I’d always considered the Sumerian myth of Inanna’s descent into the Underworld one of seasonal decline during the onset of winter.
Research for a short story revealed far more depth.
Inanna was the Queen of Heaven in Sumerian myth, and her sister Ereshkigal ruled the shadowy Underworld.
Inanna visits the Underworld to witness the funeral rites for her sister Ereshkigal’s deceased husband, the Bull of Heaven, who died defending Inanna’s honor.
Ereshkigal, not quick to forgive, bolts the seven gates against her sister. At each locked gate, Inanna is stripped of her symbols of power before she can pass until Naked and bowed low, Inanna entered the throne room.
The seven judges of the dead see through Inanna and recognize she intends to steal her sister’s throne and become Queen of Heaven and Earth. This infuriates Ereshkigal. Not only is her sister responsible for her husband’s death, now Inanna is trying to steal her throne.
Then Erishkigal fastened on Inanna the eye of death. She spoke against her the word of wrath. She uttered against her the cry of guilt. She struck her. Inanna was turned into a corpse, a piece of rotting meat, and was hung from a hook on the wall.
Inanna had arranged for her faithful servant to ask her three father gods for aid should she not return.
The first two father gods refuse, saying, “My daughter craved the Great Above. Inanna craved the Great Below. She who receives the me[h] of the underworld does not return. She who goes to the Dark City stays there.”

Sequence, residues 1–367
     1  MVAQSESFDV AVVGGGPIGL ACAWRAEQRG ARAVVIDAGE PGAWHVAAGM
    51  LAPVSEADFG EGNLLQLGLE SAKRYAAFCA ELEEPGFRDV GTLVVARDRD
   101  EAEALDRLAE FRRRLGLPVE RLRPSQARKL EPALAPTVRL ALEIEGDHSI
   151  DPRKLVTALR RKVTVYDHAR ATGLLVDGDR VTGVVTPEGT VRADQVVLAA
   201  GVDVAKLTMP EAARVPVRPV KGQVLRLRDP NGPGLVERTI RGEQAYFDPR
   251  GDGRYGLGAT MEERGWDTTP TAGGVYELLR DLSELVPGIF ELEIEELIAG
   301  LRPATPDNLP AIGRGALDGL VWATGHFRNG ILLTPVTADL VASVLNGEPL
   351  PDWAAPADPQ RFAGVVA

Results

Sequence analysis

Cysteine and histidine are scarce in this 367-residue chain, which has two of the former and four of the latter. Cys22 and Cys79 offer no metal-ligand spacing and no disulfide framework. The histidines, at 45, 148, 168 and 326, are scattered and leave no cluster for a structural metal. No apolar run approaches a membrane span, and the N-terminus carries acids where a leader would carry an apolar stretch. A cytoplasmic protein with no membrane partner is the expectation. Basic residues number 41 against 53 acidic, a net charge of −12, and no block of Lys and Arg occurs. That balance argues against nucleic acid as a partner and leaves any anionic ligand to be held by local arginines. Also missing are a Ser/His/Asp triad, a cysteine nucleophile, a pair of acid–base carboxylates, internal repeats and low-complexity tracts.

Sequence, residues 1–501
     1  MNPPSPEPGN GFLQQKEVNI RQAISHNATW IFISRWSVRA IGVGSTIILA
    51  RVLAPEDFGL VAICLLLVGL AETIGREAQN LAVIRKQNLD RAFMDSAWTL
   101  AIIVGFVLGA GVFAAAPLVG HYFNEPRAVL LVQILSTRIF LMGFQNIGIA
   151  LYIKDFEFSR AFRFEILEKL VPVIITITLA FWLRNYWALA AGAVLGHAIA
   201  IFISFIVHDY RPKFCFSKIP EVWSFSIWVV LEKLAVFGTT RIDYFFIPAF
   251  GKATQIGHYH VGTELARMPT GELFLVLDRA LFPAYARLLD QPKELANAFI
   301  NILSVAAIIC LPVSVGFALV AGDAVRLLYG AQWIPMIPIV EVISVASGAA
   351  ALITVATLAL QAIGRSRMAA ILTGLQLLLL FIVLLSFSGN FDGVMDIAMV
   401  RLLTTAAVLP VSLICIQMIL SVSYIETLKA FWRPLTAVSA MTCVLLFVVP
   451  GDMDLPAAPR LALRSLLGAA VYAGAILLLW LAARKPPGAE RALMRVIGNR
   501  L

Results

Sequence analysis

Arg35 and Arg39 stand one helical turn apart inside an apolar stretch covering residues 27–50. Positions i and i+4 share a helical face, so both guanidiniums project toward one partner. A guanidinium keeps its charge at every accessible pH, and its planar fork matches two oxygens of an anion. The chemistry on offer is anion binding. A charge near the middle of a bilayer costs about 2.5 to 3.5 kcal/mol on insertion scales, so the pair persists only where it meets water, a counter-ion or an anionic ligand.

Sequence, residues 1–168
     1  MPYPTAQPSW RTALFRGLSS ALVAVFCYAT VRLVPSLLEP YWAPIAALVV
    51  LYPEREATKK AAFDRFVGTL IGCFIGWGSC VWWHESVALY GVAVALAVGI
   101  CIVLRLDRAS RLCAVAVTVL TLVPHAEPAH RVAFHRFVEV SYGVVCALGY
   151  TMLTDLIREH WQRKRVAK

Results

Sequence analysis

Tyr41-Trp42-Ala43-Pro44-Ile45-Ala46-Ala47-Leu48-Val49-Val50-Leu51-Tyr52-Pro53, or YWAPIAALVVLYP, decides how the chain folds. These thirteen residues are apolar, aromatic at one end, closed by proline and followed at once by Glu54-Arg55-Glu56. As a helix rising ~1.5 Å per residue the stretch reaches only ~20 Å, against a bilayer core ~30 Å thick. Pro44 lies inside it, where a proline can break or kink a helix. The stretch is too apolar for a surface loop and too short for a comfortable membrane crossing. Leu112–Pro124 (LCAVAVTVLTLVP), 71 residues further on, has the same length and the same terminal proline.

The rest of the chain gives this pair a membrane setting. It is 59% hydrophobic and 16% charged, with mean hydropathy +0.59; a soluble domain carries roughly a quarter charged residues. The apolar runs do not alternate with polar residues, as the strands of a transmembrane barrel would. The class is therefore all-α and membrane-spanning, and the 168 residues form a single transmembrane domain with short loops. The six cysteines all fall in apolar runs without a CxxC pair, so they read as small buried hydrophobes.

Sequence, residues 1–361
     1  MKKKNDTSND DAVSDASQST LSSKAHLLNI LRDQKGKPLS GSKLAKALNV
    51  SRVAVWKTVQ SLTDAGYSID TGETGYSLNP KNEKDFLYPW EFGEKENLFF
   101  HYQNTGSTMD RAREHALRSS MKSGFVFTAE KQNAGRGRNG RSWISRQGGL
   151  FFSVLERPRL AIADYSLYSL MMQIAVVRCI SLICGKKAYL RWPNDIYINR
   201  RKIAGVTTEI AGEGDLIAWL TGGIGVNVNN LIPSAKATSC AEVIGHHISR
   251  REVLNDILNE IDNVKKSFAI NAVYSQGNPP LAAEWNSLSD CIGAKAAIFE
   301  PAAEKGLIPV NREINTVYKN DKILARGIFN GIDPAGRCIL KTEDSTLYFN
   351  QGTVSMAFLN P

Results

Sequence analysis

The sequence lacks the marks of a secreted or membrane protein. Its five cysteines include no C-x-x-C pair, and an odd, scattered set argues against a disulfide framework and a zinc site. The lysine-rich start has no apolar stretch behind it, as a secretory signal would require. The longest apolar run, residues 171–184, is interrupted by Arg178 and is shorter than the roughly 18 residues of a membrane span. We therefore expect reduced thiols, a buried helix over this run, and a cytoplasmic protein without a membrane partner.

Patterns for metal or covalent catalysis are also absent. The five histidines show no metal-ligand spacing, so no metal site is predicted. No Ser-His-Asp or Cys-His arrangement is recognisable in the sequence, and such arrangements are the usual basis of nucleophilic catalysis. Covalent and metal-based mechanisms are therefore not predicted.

But the third father agrees to help. He forms two flies from the dirt under his fingernail and sends them to commiserate with Ereshkigal and seek Inanna’s release.
Ereshkigal agrees to give them Inanna’s rotting corpse.
The flies revive Inanna with the food and water of life.
But the Underworld judges insist that if Inanna returns to life, she must send someone to die in her place. As she ascends through her palace, the judges seize different servants, all of whom wear sackcloth in mourning.
Inanna refuses to give up any of her servants (including her hairdresser). Then she sees her husband Damuzi wearing fine clothes and sitting on her throne. She fastened on Dumuzi the eye of death. She spoke against him the word of wrath. She uttered against him the cry of guilt. 'Take him away! Take Dumuzi away!'
At the end of the myth, Damuzi’s sister volunteers to take his place and it’s decided that each sibling will spend six months a year in the Underworld, again suggesting a seasonal cant to the tale.
Inanna was worshiped in Sumer as early as 4000 BCE, and may have originally been the Hurrian mother goddess Hannahannah.
By the mid 600s BCE, under the name Ishtar, She was the most widely venerated god in Mesopotamia.
Her non-binary priests are often described as “homosexual transvestites” or “androgynous hermaphrodites.” These gala, individuals of neither male nor female gender, made up a significant number of the personnel of both temples and palaces in ancient Sumerian society.